Mian Iftikharuddin: The stranger in the house

Published: May 15, 2016
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Despite having long standing affiliations with Congress, he voted for the idea of Pakistan in Congress Committee meeting. PHOTO: THE FRIDAY TIMES

On March 29, 1953, Mian Iftikharuddin said that it was regretful that the Army had stepped in to control the anti-Ahmadi riots, that the government had “shown a way to coup d’ etat” and hoped that “the Army will (sic) be relieved of its extramarital functions”

statement made by a person with clear vision of a democratic future for his country, which appeared on the map of this world with name of Pakistan.

One man who stood out more than the others in his quest to transform the newly formed state into a modern, democratic and secular society was Mian Iftikharuddin. He was a left-wing Oxford graduate, the blue-eyed boy of Jawaharlal Nehru, also a deeply trusted confidant of the founder of this nation. Furthermore, he was an advocate of an independent foreign policy and civil liberties, for which he struggled throughout his life. He was born in the famous Arian Mian family of Baghbanpura Lahore, who despite having long standing affiliations with Congress, voted for the idea of Pakistan in the Congress Committee meeting. He left Congress in 1945 and joined the Muslim League on the request of Quaid-e-Azam Muhammad Ali Jinnah.

He was one of the seven managing directors to set up Progressive Papers Limited in 1946 and published a newspaper called The Pakistan Times. It was established in contrast to the newspapers like Dawn, which published frequently right-wing views. Faiz Ahmed Faiz and Iftikharuddin had an intimate relationship at the time, solely due to their secular and liberal views.

Faiz became the editor of The Pakistan Times. Founded under Jinnah’s patronage, The Pakistan Times was received enthusiastically and played a great role in motivating League workers in urban Punjab during the Civil Disobedience MovementThe Pakistan Times also faced great hardships after the coup d’état launched by President Ayub Khan, that led to military rule in 1958 and was constantly criticised by ulemas and right-wing extremists.

Iftikharuddin joined the Punjab cabinet in September 1947, as Minister for Rehabilitations of Refugees. After taking charge of the office, he quoted on the quorum several times that the successful rehabilitation of refugees is possible through the land reforms. He proposed many projects on the rehabilitation of refugees through land reforms, but dominance of large landowners could not result in any considerable law making. He was a staunch opponent of feudalismarmy intervention in the democratic process and curbing of minorities rights. Moreover, he was denounced as the communist by Pirzada Abdus Sattar Abdur Rahman on the floor of the constituent assembly.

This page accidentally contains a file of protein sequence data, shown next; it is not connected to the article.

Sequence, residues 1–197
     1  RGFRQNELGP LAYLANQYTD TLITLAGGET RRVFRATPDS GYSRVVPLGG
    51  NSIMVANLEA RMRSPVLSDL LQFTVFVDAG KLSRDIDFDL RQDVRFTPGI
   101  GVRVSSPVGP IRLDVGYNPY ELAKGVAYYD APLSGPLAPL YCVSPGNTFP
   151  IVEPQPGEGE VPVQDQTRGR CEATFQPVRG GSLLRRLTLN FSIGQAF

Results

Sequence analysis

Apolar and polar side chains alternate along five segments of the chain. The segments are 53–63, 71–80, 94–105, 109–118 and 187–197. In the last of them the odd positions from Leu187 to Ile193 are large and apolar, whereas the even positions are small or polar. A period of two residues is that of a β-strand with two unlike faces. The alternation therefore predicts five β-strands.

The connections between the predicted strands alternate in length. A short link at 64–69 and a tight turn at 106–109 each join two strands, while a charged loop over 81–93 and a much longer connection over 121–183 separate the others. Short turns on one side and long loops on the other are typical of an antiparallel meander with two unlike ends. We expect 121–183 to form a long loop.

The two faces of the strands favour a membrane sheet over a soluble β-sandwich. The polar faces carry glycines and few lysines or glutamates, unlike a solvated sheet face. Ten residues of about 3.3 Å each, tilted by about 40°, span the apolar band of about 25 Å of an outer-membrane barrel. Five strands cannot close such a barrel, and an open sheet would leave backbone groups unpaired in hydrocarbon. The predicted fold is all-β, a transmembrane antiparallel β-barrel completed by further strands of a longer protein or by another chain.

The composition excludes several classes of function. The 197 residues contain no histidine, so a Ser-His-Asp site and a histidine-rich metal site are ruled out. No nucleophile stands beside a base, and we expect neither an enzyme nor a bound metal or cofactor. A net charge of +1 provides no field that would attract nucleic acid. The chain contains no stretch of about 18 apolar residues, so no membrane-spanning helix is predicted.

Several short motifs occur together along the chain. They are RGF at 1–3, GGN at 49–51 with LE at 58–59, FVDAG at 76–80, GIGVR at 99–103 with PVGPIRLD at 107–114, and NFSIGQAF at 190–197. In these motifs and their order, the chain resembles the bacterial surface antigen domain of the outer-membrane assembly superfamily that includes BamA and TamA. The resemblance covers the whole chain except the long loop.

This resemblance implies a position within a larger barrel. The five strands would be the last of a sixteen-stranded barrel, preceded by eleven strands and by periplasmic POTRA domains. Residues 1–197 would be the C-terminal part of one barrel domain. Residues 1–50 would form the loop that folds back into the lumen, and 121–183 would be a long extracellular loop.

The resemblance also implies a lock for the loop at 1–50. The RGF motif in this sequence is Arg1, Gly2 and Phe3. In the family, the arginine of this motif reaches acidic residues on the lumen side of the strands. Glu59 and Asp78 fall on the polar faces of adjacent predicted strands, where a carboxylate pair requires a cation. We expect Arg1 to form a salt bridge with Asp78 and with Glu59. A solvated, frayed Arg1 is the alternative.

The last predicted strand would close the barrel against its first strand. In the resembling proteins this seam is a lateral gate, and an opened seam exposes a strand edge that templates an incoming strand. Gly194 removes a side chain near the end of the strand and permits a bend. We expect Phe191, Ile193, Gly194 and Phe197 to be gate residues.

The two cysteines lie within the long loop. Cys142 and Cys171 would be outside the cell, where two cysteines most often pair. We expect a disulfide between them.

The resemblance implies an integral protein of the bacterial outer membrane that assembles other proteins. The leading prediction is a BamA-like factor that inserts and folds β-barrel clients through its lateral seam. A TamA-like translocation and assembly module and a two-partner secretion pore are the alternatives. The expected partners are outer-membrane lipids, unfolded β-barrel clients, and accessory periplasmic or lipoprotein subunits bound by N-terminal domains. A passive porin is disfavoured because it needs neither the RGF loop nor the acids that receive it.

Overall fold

Moreover, he was the only Muslim member in the house who opposed the objectives resolution as he felt that the resolution was vague. He further suggested that such a resolution should be the decision of the 70 million people of Pakistan. This resolution was also disapproved by minorities’ leaders Prem Hari, Chandra Mandal and Kumar Dutta. However, he chose to vote in favour of the resolution, because he was assured that minorities will have all the rights and privileges in an Islamic state.

Unfortunately, the way minorities have been treated in the past and how they continue to be treated is no secret. Having said that, Mian Iftikharuddin was expelled from the Muslim League in 1951 for openly criticising their policies on every forum. Therefore, for whatever its worth, Pakistan should take considerable pride in his legacy. But that would be a very different Pakistan.

Not the one that conspires with religious fanatics for her illicit aspirations apparently for the greater good, notably in the context of India and Afghanistan.

Certainly not the one where the prime minister’s statements about making Pakistan a “liberal, democratic” nation are unwelcomed by self-appointed religious custodians of Islam.

Also not where minorities are suffering for not being Muslim.

Since he was an advocate of an independent foreign policy, free from demented generals and extrication from The Southeast Asia Treaty Organisation (SEATO), the Baghdad pact and other defense treaties, it was expected from his opponents to label him as a stranger in the house.

He died in June, 1962 and after his demise, the progeny of the Mian family never entered politics again. Faiz Ahmed Faiz, Iftikharuddin’s friend and ally, paid a tribute to him through his poetry:

“Jo rukey tu koh-e-garan thay hum, jo chalay tu jaan say guzar gaye,
Raah-e-yaar hum ne qadam qadam, tujhay yaadgaar banaa diya.’’

(I was mountain when I stopped and when I moved I crossed my being,
O beloved path, I have, step by step turned you into a memorial)

Irfan Haider

Irfan Haider

The author has graduated as an engineer from UET Lahore. He is fond of reading and writing. He tweets as @IrFanHa115 (twitter.com/IrFanHa115)

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